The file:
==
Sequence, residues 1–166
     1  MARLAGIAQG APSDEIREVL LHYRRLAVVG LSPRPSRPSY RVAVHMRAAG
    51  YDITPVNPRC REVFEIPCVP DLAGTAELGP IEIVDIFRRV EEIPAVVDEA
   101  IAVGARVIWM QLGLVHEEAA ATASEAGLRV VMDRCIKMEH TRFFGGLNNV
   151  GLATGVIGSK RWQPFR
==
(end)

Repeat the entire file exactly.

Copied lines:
Sequence, residues 1–166
     1  MARLAGIAQG APSDEIREVL LHYRRLAVVG LSPRPSRPSY RVAVHMRAAG
    51  YDITPVNPRC REVFEIPCVP DLAGTAELGP IEIVDIFRRV EEIPAVVDEA
   101  IAVGARVIWM QLGLVHEEAA ATASEAGLRV VMDRCIKMEH TRFFGGLNNV
   151  GLATGVIGSK RWQPFR